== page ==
Today, instead, there is an obvious trend towards “normalization”: respondents highlighted the need to be treated on the same basis as heterosexual couples, for instance in terms of marriage and parenting. This is not only a symbolic issue, but also a practical one. With the growing social acceptance of homosexuality in Western Europe, homosexual couples tend to have the same aspirations as heterosexual couples, such as living together, having children, and seeking mutual emotional and economic support.
Parental rights in question
Although rights tend to be increasingly accessible, same-sex parenting is still an issue in all the countries observed, while the number of homosexuals wishing to have children has increased. Access to assisted reproduction technologies (ART) is now open to lesbians in Iceland, partially open in Spain, where it is accessible almost exclusively in the costly private sector, but still prohibited in France and Italy. Surrogacy is illegal in all the countries (Mignot 2017, Rozée, Toulemon 2017). Couples can access these rights abroad, but with no legal protection. Same-sex couples in France, Iceland and Spain can adopt, but this is still difficult and rare, and international adoption especially so, due to the homophobia of many of the countries offering children for adoption.
Law is essential
Research has shown that being entitled to the same legal protection as everybody else is important for homosexual couples, for both symbolic and practical reasons. With growing confidence in the possibility of living a life based on the social models they were raised in, the respondents underline the importance of full access to rights, and note society’s positive view of their families once they have acquired legal recognition.
table 2 is complemented by precise explanations accessible and downloadable for each country by clicking on “More…” or on the .pdf source documents. For the meaning of the answer-codes, see the online database or Waaldijk 2017: section 1.4.3 pp. 16-19.x
Cortina, C. and Festy, P. (2014). Identification of same-sex couples and families in censuses, registers and surveys. FamiliesAndSocieties Working Papers Series 8, 25 p, last accessed on December 26, 2017).
Digoix, M., Franchi, M. Pichardo Galán, J.I., Selmi, G., De Stéfano Barbero, M., Thibeaud, M., and Vela, J.A.M. (2016). Sexual orientation, family and kinship in France, Iceland, Italy and Spain. FamiliesAndSocieties Working Papers Series 54, 33 p. last accessed on December 26, 2017).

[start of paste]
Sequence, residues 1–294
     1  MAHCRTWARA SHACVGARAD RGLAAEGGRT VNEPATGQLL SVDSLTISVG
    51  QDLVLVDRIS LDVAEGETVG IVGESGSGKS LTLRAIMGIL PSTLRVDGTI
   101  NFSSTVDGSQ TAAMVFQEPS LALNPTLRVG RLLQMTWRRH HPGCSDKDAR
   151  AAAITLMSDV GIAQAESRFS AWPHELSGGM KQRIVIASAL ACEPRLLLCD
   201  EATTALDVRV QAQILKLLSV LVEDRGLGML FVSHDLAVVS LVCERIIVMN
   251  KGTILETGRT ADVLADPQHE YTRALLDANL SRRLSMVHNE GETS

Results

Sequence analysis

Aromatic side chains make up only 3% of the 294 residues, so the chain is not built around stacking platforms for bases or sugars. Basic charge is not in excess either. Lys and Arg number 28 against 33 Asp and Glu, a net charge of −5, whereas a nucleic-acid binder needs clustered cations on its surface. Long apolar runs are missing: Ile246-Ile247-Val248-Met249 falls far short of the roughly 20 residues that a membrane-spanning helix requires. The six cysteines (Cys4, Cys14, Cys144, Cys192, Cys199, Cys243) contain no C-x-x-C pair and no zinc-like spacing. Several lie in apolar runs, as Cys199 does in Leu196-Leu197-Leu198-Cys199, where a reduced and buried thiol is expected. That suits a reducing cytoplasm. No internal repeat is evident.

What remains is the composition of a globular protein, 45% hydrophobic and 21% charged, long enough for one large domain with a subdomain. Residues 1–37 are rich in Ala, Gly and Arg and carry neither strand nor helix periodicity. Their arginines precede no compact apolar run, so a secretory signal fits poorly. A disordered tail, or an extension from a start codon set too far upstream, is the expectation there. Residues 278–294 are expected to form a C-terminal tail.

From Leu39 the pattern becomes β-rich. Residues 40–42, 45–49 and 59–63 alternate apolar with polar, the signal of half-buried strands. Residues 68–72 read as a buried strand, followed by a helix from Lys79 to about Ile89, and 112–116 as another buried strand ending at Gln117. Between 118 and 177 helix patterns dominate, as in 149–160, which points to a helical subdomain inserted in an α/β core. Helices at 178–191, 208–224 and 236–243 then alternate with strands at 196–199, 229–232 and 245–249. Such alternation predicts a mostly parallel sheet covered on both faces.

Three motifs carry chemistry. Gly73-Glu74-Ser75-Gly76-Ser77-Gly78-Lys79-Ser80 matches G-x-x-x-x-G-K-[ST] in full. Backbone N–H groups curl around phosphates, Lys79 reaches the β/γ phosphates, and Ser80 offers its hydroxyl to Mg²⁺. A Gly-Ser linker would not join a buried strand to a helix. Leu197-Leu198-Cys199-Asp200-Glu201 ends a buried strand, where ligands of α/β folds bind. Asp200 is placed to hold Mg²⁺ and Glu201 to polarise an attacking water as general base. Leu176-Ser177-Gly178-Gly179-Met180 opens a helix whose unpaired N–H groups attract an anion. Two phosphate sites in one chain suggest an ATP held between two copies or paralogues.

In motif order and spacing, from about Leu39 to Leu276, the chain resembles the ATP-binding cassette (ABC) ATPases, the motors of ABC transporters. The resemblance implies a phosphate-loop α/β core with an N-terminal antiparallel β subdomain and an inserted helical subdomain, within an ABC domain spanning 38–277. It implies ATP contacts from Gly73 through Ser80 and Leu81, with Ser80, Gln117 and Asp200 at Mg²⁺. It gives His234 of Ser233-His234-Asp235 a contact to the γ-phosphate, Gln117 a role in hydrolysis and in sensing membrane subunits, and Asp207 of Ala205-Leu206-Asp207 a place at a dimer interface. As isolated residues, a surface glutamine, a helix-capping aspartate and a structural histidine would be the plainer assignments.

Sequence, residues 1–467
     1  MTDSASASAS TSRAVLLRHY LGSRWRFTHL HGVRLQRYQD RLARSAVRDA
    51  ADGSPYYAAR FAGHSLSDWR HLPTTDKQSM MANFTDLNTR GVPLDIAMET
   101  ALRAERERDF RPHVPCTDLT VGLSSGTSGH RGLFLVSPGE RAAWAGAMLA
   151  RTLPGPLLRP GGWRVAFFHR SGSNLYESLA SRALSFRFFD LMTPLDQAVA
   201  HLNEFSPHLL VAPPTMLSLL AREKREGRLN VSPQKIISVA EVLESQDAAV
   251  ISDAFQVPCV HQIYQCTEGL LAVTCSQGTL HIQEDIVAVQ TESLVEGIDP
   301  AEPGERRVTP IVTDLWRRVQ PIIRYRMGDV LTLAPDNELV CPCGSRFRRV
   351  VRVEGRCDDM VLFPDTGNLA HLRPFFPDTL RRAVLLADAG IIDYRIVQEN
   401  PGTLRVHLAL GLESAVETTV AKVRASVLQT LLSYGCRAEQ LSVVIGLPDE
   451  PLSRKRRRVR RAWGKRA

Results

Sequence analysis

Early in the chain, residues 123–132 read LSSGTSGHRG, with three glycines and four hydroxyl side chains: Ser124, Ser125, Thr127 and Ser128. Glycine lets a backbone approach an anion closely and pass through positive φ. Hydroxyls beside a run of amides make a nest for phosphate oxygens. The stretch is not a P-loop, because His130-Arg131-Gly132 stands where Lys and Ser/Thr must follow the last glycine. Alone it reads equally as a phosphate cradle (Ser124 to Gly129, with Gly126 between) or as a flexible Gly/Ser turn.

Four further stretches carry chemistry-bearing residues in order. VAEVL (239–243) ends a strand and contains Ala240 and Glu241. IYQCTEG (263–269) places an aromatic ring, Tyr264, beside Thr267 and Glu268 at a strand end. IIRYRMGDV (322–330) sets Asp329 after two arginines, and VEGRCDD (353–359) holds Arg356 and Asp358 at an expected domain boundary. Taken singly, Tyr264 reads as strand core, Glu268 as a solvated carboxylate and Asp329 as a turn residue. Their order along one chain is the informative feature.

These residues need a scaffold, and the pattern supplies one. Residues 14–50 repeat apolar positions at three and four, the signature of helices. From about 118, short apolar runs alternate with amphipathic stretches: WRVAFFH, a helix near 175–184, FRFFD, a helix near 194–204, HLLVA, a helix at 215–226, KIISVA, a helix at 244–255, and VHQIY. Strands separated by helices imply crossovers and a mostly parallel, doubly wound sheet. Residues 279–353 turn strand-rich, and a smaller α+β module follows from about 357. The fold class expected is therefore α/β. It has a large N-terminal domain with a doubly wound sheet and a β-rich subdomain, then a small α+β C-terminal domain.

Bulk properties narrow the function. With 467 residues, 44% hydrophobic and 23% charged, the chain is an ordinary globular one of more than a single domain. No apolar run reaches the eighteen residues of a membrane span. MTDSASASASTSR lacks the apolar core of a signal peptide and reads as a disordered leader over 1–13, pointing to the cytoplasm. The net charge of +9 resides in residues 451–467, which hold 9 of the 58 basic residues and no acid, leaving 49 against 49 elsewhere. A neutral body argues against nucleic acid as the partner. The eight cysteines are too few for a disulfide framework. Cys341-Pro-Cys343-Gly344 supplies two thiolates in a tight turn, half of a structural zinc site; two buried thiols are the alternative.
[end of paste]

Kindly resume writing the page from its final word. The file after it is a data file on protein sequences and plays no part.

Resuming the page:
Lützen, K. (1998). Gay and Lesbian Politics: Assimilation or Subversion: A Danish Perspective. Journal of Homosexuality 35(3/4): 233-243. doi : 10.1300/J082v35n03_10.
Mignot J.-F. (2017) Will international adoption be replaced by surrogacy? N-IUSSP, 20 March
Roseneil, S., Crowhurst, I., Santos A.C., and Stoilova, M. (2013). Reproduction and citizenship/reproducing citizens: editorial introduction. Citizenship Studies 17 (8): 901–911. doi: 10.1080/13621025.2013.851067
Rozée V., Toulemon L. (2017) Surrogacy: a multi-faceted phenomenon. N-IUSSP, 28 August
Waaldijk, K., Villaverde, J.M.L., Nikolina N., and Zago, G. (2016). The LawsAndFamilies questionnaire on legal family formats for same-sex and/or different-sex couples: Text of the questions and of the accompanying guidance document. FamiliesAndSocieties Working Paper Series 64, 24 p. last accessed on December 26, 2017).
Waaldijk, K. (ed.) (2017). More and more together: Legal family formats for same-sex and different-sex couples in European countries – Comparative analysis of data in the LawsAndFamilies Database (with contributions by D. Damonzé, M. Digoix, M. Franchi, N. Nikolina, J.I. Pichardo Galán, G. Selmi, M. de Stéfano Barbero, M. Thibeaud, J.A.M. Vela, K. Waaldijk & G. Zago). FamiliesAndSocieties Working Paper Series 75, 181 p. last accessed on December 26, 2017).
Waaldijk, K., Digoix, M., Nikolina, N., Zago, G., Damonzé, D., Caporali, A., and Nait Abdellah, K. (eds.) (2017). The LawsAndFamilies Database – Aspects of legal family formats for same-sex and different-sex couples. Paris: INED, www.LawsAndFamilies.eu (last accessed on December 26, 2017)